What the Hell Happened in Interstellar?
So it’s been about a week since the release of Christopher Nolan’s latest film, Interstellar. In that time, theories, criticisms and praise of the film have run rampant on the internet. However, I have a feeling that some people (including the other guys at NerdSpeak I saw Interstellar with) left the theater scratching their heads. Interstellar is a big movie in every sense of the word. It’s nearly three hours long, casually throws out complex scientific ideas, and even skirts the edges of hard sci-fi. So, let’s break down some of the more confusing and complex parts of Interstellar. I’ll try to do this in a question and answer sort of way based on the questions I’ve heard from others who have seen the movie and also the discussion I’ve seen around the Internet. With all of this being said, some pretty huge spoilers for the film will follow. I highly suggest you see it before reading this for two reasons: 1) the movie is awesome and 2) this will seem like a bunch of random explanations that don’t make a whole lot of sense out of context. So, go see the movie. This article will still be here when you get back. Anyway, let’s get started.
Why does Cooper obviously love his daughter much more than his son?
I’m not sure, but his son does grow up to become Casey Affleck. So, there’s that.
Are gravitational anomalies a thing?
They are, and in fact, here is a gravitational anomaly map of the United States.
Gravitational anomalies are simply areas where gravity is higher or lower than expected. And that’s pretty much all there is to it. Isolated gravitational anomalies like the ones caused by Murph’s ghost? Well, that’s a different story. Those are pretty much impossible to track even if they do occur.
Are the robots in Interstellar, like, totally cool?
Totes. TARS is just, like, SO COOL.
Could astronauts really reach the wormhole near Saturn in 2 years?
Well, let’s do some simple math.
For the sake of simplicity, we will assume NASA launched the mission in Interstellar when Earth and Saturn were at their closest (AKA closest approach) which is about 1.2 billion kilometers. So in the film, it is stated that it will take about two years to make the trip. Two years equates to about 17,520 total travel hours. Some quick division will give you a rough speed estimate that the crew of the Endurance must travel in order to reach Saturn’s orbit in two years: 68,493 kilometers per hour. Considering the fastest manned spacecraft could travel was recorded at a top speed of 39,896 kilometers per hour, well… We will just have to assume that technology of Interstellar’s near future is significantly better than our own. Still, it’s not totally improbable.
How does the hyper sleep work?
Well, this is one of those times that the Nolan brothers leave us in the dark. Hyper sleep is a staple of the science fiction genre, yet science fiction is all it is. Sure, we currently are advancing and further developing cryogenics, but there is still no known way to essentially stop the aging process of a human relative to time. Interstellar does very little to broach the subject so I think we will just have to chalk this up as pure science fiction for now. However, if space travel is ever going to become a valid mission, some form of stasis will become necessary.
Are wormholes a thing?
Hypothetically speaking, yes. They are traditionally called Einstein-Rosen bridges, named after the master of general relativity Albert Einstein and another important physicist Nathan Rosen. The theory of general relativity does in fact account for wormholes believe it or not. However, there has never been any observable evidence. It’s probable, but not proven. Perhaps you are now wondering if we could actually travel through a wormhole if we ever found one. Well, if wormholes were to be traversable like the one in the film, a great deal of exotic matter would be needed to stabilize the bridge.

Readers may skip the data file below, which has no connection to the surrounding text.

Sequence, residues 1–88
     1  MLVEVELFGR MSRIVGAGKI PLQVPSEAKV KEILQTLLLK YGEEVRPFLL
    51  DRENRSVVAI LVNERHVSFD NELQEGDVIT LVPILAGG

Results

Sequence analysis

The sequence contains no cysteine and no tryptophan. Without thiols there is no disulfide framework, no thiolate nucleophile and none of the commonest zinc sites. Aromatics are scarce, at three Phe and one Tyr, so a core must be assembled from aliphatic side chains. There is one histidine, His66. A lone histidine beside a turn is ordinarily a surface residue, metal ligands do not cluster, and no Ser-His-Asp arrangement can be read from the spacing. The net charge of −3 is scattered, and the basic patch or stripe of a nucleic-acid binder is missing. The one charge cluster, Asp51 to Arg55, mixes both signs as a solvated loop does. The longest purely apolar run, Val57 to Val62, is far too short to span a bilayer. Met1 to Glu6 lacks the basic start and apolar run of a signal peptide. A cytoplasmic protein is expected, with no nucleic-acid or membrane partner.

Exotic matter is a broad term, but in this context it is generally understood that matter with negative mass is necessary to stabilize a wormhole enough to travel through it. Remember how the scientists in Interstellar mention that a wormhole would have to be purposefully created by beings? Well, this is likely true as well. So, good job Interstellar.
Why does time move slower on the water world planet?
The answer to this is simply a tenet of Einstein’s Theory of Relativity called Gravitational Time Dilation. In essence, the idea states that perceived time will be different based on the gravitational potential of the observer. The closer you are to a strong source of gravity, the slower time will go in comparison to someone farther away. For example, in Interstellar, the water world planet that Cooper, Brand, Doyle and TARS landed on is pretty close to the super strong gravitational pull of the black hole Gargantua. Rommily and the Endurance remained safely outside of the gravitational pull and therefore did not experience the time dilation. That is why two decades passed for Romilly while only an hour or two passed for Cooper and Brand. This is a totally possible thing, even though it hasn’t been observed on a scale quite like the one the movie presents.
What exactly was Professor Brand’s big lie?
Sigh. Okay, so there is a branch of physics called quantum mechanics which basically is the study of the smallest units of matter and energy and how they interact. Brand’s problem was that he couldn’t quite work out how the observed quantum mechanics were related to gravity. You see, gravity is a classical system of understanding how astronomical bodies interact. Quantum mechanics describes things on a whole other level that doesn’t always necessarily mesh with the ideas of gravity. Confused? You should be, because that is some advanced theoretical physics. I could go farther but I lack both the qualifications and knowledge to explain quantum mechanics any more than I already have. Either way, just know that Brand realized long ago that he could not solve the problem of launching the mega space station into space. He just, you know, didn’t tell anyone.